I recently had the pleasure of meeting some folk involved in the inner workings of the Western General Hospital – those involved in catering, domestic services and portering. The more I look into life at the Western, the more I understand just how important all the different disciplines are in making sure that the patients have the best possible experience when spending a little bit of time here. I hear specific jobs and tasks described with the same care and concern for the patient whether it is a from the perspective of a domestics supervisor or a consultant surgeon.

I met with Gordon Fender, Area Facilities Manager, to start to find out a bit more about what I now know is called ‘soft facilities’ or to you and me;  catering, domestic and portering services. Gordon was originally involved in the hospitality trade before making a switch into healthcare. He has a welcoming, easy way about him and told me about the 2,000 meals that are being prepared for patients every day, the 400 domestic staff who work here round the clock and the 80 or so catering staff who keep all the meals coming.

Gordon introduced me Carol who works as a supervisor on the catering team. She gave me a real insight in the vast scale of operation that the catering staff is involved in and the careful attention given to making sure that food is freshly prepared and well presented. Apparently it takes two staff a good few hours to wrap 680 sets of cutlery in their napkins 3 times per day. A great illustration to the thought and attention that goes into patient care. Carol, who lives locally, has seen many changes over the years. Some are welcome – she is no longer required to fill up a vast quantity of salt and pepper pots, now replaced with sachets; and some which she finds more difficult to embrace – such as the increasingly disposable nature of some of the crockery now offered. It just doesn’t keep food warm in the same way and also does not do much for the environment. However as Gordon told us all food waste now does get recycled made partly into methane and partly into soil improver.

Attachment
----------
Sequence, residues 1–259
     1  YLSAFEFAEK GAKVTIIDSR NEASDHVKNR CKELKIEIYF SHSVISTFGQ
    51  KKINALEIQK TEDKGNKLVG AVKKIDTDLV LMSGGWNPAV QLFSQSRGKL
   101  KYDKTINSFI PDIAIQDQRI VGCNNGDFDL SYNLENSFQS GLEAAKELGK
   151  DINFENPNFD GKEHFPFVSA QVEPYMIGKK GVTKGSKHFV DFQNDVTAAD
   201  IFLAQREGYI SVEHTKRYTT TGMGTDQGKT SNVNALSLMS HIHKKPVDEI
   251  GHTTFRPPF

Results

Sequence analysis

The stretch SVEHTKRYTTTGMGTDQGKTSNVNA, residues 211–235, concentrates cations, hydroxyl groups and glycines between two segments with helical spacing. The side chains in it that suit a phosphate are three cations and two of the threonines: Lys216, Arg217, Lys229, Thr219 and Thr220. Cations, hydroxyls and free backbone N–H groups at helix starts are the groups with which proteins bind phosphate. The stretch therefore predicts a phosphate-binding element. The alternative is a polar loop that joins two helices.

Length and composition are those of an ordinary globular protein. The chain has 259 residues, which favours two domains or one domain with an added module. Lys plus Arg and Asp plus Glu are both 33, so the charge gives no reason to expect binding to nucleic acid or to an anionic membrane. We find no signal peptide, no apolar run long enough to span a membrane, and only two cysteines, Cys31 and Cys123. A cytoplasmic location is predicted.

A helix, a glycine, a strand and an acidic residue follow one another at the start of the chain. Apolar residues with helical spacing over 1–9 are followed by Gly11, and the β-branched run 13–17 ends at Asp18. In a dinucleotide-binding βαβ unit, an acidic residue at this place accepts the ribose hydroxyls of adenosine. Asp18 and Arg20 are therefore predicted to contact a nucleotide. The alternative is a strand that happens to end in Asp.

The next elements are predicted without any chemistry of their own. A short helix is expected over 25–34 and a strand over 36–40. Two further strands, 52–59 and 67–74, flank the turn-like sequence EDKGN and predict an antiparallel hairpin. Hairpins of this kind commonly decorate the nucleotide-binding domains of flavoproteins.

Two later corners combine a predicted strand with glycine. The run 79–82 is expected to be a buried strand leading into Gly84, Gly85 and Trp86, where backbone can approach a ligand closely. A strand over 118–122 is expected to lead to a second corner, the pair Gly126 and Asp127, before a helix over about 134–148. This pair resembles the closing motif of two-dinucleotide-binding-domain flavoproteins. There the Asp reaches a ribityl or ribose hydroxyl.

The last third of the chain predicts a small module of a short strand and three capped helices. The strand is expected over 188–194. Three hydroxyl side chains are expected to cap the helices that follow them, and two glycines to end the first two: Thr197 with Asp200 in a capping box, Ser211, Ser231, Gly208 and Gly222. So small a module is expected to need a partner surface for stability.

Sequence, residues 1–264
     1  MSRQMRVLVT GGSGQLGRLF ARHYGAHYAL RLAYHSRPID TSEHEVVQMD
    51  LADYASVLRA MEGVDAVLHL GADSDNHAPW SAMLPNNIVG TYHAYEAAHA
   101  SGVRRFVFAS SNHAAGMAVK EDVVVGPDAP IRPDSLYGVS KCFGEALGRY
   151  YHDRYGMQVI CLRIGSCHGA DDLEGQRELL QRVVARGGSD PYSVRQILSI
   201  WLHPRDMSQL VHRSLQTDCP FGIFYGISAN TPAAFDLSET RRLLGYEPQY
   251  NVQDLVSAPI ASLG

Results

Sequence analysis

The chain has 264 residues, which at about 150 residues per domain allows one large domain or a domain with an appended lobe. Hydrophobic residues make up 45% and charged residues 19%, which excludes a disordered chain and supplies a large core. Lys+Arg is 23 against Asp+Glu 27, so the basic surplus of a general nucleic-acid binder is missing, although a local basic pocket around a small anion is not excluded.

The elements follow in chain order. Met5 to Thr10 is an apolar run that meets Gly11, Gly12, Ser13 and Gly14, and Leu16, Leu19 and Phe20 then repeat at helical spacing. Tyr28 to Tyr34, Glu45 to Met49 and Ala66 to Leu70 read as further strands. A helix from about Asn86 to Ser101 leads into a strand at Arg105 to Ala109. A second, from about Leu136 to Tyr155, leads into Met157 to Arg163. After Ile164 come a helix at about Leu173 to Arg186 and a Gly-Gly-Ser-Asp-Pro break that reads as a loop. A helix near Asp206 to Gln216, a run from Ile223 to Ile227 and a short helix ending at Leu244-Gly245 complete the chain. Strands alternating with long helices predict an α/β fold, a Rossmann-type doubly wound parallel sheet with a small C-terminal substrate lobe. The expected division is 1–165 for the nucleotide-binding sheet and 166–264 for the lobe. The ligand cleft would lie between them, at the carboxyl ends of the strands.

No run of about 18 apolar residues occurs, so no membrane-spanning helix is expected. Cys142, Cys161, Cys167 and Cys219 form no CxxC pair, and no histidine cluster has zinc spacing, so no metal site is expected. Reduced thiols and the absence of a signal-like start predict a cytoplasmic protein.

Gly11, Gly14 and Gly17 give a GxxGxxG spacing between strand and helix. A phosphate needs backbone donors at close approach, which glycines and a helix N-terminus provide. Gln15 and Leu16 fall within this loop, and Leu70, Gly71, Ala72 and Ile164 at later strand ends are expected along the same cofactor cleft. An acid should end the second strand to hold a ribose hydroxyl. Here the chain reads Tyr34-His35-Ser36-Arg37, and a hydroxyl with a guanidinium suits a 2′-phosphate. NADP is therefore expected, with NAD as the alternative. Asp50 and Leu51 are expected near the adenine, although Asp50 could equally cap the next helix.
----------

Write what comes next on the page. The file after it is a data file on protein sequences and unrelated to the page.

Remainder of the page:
Apparently Janette and Joyce had popped their heads around the door to announce their arrival. So involved in conversation had I been that they hadn’t been spotted and were patiently waiting outside Gordon’s office. Both are supervisors in the Domestics team which according to both comes with an increasing amount of paperwork. They described the pride they take in making sure that the areas they work in are well looked after and the changing nature of their work over the years – not only has the hospital grown considerably in size, responsibilities have also shifted. Once they would have been responsible for patients teas and coffees, now this is part of the care assistants duties. They seemed to be very accepting of the changes on the whole recognising that as advances are made things do need to change. Joyce and Janette also live locally and confirmed what Carol had already told me. Living locally means you can walk to work, which is great when your work starts at 6am. It can also be a real help in managing family life;  working on an evening shift leaves the daytime free to look after your children. Through my conversation I came to realise that the Western is a major employer in the area.

I had no time left to see ‘the belt’ in action  – this is where the food for patients is dished up and I am determined to catch up with that and some of the other staff on my next visit!

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